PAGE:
The Wilson Kautz Raid was seen by some as successful but Grant described it as a “disaster”. The combined force had 1,445 casualties (killed, wounded, missing/captured). About 60 miles of track were destroyed, which took the Confederates several weeks to repair.

The Union Army made another effort against the all-important supply line on August 18, 1864 when a force of 20,000 Federals under Maj. Gen Gouverneur Warren headed south in an attempt to cut off the Confederate’s lifeline. Warren’s V Corps was supplemented by units from the IX Corps, the II Corps and August Kautz’s small cavalry division.

General A.P. Hill commanded a force of 14-15,000 Confederates under General P.G.T/ Beauregard who was the commander in Petersburg. Lee was off observing the Deep Bottom battle.

Warren’s force advanced south through the rain and over muddy roads. He pushed aside the Confederate pickets and a cavalry brigade. The reached Globe Tavern on the railroad line by about 9:00 AM and started to destroy the track. Warren detailed a brigade from Romeyn B. Ayres’ Division to protect his force from any attack from the north.

Ayers met the Confederates about 1:00 PM and Warren sent Samuel Crawford’s Division to strengthen his right. They tried to outflank the Confederate attackers. About 2:00 PM three Confederate brigades attacked the combined Federal force and began to push it back to within a mile of the Weldon Railroad and Globe Tavern. Warren counterattacked, regained the lost ground and entrenched for the night.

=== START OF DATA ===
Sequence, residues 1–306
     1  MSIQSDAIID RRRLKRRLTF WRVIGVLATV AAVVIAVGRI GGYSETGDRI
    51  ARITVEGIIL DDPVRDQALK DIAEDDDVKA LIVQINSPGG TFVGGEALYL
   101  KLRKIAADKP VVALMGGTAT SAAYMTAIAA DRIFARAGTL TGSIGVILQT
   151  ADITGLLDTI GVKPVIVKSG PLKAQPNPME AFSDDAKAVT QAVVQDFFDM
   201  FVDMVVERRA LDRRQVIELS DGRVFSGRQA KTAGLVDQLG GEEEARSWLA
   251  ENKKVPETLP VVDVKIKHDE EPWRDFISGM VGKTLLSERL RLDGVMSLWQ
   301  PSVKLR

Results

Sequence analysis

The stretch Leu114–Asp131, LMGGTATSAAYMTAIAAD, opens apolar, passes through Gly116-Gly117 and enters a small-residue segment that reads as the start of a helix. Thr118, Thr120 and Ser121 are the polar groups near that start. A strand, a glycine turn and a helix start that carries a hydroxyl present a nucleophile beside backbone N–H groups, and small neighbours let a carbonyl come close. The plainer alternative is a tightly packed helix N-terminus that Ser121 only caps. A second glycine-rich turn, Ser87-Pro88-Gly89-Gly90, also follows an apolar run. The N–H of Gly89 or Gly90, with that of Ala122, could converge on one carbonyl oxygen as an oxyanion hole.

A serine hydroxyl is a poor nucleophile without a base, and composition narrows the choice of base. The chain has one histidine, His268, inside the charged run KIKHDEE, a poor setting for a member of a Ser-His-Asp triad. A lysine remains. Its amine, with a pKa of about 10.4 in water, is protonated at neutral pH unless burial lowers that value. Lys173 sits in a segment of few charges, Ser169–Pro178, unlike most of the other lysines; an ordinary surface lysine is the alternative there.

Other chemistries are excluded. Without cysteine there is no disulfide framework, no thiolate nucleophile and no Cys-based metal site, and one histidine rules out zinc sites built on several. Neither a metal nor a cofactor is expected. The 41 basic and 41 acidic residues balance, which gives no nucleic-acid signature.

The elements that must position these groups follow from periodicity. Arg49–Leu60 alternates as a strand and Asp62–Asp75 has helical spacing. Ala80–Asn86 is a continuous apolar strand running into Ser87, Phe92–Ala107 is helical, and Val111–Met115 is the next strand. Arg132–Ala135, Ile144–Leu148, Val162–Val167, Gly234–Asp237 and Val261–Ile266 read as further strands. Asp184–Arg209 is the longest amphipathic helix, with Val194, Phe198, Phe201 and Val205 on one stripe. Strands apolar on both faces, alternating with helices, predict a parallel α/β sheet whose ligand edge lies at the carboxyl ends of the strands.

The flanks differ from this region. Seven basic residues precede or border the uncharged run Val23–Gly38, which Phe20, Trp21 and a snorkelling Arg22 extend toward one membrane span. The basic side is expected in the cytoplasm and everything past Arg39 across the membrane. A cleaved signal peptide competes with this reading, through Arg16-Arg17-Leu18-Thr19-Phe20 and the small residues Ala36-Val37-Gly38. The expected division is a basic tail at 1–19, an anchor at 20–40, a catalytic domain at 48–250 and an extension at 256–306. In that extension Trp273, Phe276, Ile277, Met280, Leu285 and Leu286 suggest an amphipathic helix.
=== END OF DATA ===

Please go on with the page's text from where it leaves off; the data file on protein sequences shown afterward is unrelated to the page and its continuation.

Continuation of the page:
During the night both armies were reinforced. The Federal IX Corps arrived on the field and Rooney Lee’s cavalry division and three infantry brigades from William Mahone’s Division reinforced the Confederates.

Globe Tavern and the Weldon RailroadThe next day saw limited action due to the heavy rain. However in the late afternoon, Mahone found a hole in the Federal line and his men poured through it to the enemy’s rear area. General Crawford attempted to rally his panicked men and was nearly captured. However, almost two full brigades of his men were captured.

At the same Henry Heth launched a frontal assault against the Federal left and center that was easily repulsed by Ayers. The IX Corps counterattacked and the fighting was hand-to-hand until darkness ended it.